The German Jewish artist was killed in Auschwitz at the age of 26 having left behind her selection of almost 800 gouaches, subtitled "a play with music", and clearly never intended a facetious opposition between the two words. Judi Herman, the author of Saving Charlotte - a timely play based on Salomon's life's work running at the Bridewell - reads that "or" less as a choice between "the real" and "the imaginary" than as a hesitation, a nagging doubt.
If ambiguity is central to the artist's paintings, that doesn't come across sufficiently vividly in Herman's dedicated dramatisation, though. Saving Charlotte feels like an intriguing footnote to the exhibition rather than a major event in its own right erring too much on the side of conventional biodrama.
What you get is an episodic sequence of events, sketching the relations between the alter-ego Lotte and her family in Berlin before, and in the south of France during, the war. Herman seems sure of the path her chronological construction forges: namely, that through the work precipitated by her impending demise, Salomon affirmed a love of life that had been absent from the suicidal female line of her family.
Herman dresses the piece in the accoutrements of a singspiel - with on- stage piano accompaniments arranged by Wendy Gadian, bursts of song and stray comic rhyming couplets. The lighting makes impressive use of the three colours to which Salomon restricted herself - red, yellow and blue - while the carefully arranged vista of ominously inviting window-frames and spartan furniture creates an expressionistic mood that is reinforced by the flurry of scenes, the doubling and quadrupling of parts by the four-strong cast, and the detached manner in which those roles are played.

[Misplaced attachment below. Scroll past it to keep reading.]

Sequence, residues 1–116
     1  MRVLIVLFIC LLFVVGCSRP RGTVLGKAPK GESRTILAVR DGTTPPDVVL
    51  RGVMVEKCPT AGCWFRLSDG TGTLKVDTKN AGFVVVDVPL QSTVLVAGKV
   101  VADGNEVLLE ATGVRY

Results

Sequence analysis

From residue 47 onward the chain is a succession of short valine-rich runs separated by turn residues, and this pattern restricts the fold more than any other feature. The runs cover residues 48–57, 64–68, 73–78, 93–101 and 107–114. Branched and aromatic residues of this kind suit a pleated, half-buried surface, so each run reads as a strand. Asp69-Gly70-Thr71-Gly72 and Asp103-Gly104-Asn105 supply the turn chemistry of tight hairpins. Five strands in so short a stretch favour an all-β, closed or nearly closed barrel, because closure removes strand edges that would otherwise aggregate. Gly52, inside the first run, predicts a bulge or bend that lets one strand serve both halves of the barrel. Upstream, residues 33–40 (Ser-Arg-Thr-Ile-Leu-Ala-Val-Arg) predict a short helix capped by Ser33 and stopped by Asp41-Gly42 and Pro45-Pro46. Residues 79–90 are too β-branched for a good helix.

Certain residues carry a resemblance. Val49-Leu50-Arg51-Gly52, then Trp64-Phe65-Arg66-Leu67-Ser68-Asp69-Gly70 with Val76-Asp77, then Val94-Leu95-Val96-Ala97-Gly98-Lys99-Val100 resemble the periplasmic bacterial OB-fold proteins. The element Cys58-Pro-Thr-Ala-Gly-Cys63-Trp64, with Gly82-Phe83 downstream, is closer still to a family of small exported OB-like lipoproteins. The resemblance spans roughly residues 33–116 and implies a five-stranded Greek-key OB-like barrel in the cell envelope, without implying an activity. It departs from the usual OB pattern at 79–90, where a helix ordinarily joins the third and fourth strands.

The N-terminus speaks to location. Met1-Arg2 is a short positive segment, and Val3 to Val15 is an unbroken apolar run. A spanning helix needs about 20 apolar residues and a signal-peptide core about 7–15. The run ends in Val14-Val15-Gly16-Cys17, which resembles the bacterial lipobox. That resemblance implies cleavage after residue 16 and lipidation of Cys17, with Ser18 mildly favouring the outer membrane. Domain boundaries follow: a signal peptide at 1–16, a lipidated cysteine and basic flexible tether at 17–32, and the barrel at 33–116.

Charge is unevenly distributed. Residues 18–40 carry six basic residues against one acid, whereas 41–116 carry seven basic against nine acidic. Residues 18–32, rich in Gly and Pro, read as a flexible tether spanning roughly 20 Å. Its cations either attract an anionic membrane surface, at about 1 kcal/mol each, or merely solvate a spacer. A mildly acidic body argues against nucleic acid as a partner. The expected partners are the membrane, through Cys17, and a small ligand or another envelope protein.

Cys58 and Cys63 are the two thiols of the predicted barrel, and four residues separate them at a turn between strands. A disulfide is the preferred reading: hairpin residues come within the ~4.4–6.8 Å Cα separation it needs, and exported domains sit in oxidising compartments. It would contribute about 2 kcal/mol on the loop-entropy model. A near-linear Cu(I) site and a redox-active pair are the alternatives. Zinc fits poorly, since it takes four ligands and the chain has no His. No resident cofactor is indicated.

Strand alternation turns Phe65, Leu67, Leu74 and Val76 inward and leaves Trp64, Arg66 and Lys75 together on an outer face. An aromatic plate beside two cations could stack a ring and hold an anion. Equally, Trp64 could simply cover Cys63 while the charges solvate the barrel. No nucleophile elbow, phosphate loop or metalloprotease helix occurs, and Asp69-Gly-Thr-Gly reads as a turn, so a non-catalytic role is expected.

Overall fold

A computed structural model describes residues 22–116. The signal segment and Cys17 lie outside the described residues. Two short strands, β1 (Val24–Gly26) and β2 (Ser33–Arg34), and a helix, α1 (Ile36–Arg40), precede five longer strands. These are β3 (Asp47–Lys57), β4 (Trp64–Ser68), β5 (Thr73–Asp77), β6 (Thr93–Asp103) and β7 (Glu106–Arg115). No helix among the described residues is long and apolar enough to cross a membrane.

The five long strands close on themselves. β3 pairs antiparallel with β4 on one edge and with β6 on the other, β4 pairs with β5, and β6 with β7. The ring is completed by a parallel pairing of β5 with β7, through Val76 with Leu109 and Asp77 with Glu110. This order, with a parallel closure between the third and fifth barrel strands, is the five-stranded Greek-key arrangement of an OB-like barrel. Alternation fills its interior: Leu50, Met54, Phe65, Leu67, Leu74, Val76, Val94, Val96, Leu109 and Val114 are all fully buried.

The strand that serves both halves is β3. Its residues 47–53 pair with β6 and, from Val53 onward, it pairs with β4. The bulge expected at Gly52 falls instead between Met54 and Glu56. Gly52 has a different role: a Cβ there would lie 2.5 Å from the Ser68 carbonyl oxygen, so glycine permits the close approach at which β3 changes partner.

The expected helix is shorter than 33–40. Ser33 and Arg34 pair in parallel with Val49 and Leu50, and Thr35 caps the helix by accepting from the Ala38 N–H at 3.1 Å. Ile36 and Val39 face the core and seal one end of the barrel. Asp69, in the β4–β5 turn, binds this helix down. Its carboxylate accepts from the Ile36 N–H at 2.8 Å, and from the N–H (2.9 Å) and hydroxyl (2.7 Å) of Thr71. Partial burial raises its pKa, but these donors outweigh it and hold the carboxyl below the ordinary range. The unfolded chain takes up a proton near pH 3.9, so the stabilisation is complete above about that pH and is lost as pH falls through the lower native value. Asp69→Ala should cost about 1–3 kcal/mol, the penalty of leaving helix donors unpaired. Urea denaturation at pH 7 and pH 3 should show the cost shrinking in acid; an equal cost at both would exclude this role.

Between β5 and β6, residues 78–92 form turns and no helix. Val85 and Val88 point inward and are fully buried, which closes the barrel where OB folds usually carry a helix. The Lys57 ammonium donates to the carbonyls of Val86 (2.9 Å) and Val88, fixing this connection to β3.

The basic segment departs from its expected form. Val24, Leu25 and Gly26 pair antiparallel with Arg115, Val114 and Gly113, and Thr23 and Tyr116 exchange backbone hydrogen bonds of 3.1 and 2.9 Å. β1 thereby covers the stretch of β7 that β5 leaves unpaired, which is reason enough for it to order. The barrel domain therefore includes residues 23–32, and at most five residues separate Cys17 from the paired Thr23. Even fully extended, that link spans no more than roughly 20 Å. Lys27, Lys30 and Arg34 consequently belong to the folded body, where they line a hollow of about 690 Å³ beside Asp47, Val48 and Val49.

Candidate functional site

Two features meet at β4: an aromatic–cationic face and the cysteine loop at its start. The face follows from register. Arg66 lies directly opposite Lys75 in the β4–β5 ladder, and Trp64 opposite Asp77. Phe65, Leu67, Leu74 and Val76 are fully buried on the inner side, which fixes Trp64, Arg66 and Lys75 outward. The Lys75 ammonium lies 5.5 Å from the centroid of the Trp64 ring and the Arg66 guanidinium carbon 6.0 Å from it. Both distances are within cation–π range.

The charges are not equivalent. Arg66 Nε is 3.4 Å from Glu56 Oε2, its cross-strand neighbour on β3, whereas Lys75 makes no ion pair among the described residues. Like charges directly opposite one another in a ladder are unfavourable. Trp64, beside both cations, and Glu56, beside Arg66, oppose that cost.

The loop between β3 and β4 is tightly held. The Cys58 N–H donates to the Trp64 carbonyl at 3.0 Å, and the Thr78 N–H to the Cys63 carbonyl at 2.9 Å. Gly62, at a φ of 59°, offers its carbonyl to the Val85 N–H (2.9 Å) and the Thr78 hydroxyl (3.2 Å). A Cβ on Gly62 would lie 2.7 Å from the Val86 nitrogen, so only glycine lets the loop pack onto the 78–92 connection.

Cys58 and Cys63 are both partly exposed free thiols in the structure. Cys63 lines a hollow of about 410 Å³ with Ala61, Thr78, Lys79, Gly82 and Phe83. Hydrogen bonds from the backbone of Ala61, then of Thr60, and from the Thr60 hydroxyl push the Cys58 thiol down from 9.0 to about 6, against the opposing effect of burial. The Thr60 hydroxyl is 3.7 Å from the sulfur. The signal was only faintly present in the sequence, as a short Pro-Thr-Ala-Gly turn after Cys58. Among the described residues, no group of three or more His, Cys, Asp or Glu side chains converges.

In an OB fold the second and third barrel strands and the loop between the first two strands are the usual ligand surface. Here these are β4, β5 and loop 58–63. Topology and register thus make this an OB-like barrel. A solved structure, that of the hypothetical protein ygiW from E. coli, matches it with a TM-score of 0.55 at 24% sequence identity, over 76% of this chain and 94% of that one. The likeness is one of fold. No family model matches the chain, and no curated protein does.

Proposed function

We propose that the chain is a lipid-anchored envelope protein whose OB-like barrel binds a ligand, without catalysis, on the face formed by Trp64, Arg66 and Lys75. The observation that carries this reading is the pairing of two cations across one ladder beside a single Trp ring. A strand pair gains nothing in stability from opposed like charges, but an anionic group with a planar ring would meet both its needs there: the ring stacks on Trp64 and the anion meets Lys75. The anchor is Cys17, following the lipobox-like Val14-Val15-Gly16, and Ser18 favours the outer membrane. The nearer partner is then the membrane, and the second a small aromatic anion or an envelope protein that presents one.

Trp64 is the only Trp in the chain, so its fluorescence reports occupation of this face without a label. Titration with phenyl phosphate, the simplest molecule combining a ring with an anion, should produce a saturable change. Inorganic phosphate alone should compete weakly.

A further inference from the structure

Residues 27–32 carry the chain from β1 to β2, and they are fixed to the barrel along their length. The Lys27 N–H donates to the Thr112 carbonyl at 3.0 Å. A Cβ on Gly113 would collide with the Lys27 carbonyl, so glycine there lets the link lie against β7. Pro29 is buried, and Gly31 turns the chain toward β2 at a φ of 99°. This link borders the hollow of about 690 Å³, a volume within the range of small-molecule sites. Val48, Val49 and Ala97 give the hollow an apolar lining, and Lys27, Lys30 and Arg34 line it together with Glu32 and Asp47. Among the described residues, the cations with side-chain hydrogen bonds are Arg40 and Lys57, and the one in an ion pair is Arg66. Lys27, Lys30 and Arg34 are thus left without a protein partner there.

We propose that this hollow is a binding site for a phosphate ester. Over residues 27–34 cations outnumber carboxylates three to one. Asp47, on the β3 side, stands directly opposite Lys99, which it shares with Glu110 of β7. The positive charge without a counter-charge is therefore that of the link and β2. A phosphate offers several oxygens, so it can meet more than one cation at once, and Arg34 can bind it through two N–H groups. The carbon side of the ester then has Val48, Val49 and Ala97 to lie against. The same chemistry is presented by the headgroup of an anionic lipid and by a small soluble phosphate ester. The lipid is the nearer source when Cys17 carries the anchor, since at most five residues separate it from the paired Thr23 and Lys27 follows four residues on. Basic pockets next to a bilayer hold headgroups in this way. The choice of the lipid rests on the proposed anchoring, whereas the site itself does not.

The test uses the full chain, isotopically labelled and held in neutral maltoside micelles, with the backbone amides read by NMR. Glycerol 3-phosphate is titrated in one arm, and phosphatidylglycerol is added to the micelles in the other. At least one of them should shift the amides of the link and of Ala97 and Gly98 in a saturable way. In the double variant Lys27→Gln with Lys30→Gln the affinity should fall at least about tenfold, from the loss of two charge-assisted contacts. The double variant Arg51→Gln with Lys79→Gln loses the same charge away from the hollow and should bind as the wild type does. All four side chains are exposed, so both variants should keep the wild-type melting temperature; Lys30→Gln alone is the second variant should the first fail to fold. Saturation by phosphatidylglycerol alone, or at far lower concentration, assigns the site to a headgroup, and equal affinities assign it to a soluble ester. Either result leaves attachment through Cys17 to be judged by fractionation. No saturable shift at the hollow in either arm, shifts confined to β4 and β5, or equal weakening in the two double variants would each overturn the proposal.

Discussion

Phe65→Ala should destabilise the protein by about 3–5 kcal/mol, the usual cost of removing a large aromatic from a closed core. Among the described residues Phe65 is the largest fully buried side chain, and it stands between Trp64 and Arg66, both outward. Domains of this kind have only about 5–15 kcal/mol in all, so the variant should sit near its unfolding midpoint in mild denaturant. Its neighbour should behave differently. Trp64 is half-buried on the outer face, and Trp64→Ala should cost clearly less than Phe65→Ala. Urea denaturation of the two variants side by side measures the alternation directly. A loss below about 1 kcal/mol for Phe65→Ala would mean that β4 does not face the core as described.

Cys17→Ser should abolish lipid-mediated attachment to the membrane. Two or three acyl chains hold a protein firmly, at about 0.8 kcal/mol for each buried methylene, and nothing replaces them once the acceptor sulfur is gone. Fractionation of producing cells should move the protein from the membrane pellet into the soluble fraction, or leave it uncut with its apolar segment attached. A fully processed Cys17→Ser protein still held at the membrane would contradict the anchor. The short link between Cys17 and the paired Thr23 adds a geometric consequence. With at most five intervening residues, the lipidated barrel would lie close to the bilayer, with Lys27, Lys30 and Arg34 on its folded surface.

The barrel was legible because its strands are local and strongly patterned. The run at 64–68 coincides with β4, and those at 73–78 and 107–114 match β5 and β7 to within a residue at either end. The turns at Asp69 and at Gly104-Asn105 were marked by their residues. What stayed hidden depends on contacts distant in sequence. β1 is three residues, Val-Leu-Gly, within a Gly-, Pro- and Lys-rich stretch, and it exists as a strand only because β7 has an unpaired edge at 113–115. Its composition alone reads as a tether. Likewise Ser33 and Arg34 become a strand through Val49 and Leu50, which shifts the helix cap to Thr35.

But this is experimentation-by-numbers. The layering of scene on scene does not create a fluid interior landscape, but rather a jumble of incidents and characters who seem more obviously two-dimensional than their painted counterparts. "Instead of taking your life, describe your life" is a conclusion we are presented with, rather than arrive at.
In some ways, Dominic Hill's beautiful revival of Michel Tremblay's The House Among the Stars over at the Orange Tree in Richmond offers a consolatory point of comparison. "We are badly made" someone remarks, alluding to the way things have a habit of overwhelming us, but it's an accusation that could be levelled at its Canadian creator.
Members of successive generations of the same family congregate at a remote old log cabin in Quebec via a triple time scheme that juxtaposes 1910 with unspecified years in the 1950s and 1990s. As a theatrical device, it has a memerising effect - characters bicker and make up, echoing and talking across these other selves; a sort of haunting across the years.
But the earnest talk about past, present and future that Tremblay orchestrates as a means of suggesting cycles of renewal and reinvention comes to feel overloaded with import. Only in the still, pregnant pauses when the strong ensemble gazes sadly into the orange of a sunset or the dim white of star- light to eerie violin scrapings does the conscious theatricality gain a life of its own.
`Saving Charlotte', Bridewell Theatre, London EC4, to 21 Nov (0171-936 3456); `The House Among the Stars', Orange Tree, Richmond, in rep to 5 Dec (0181-940 3633)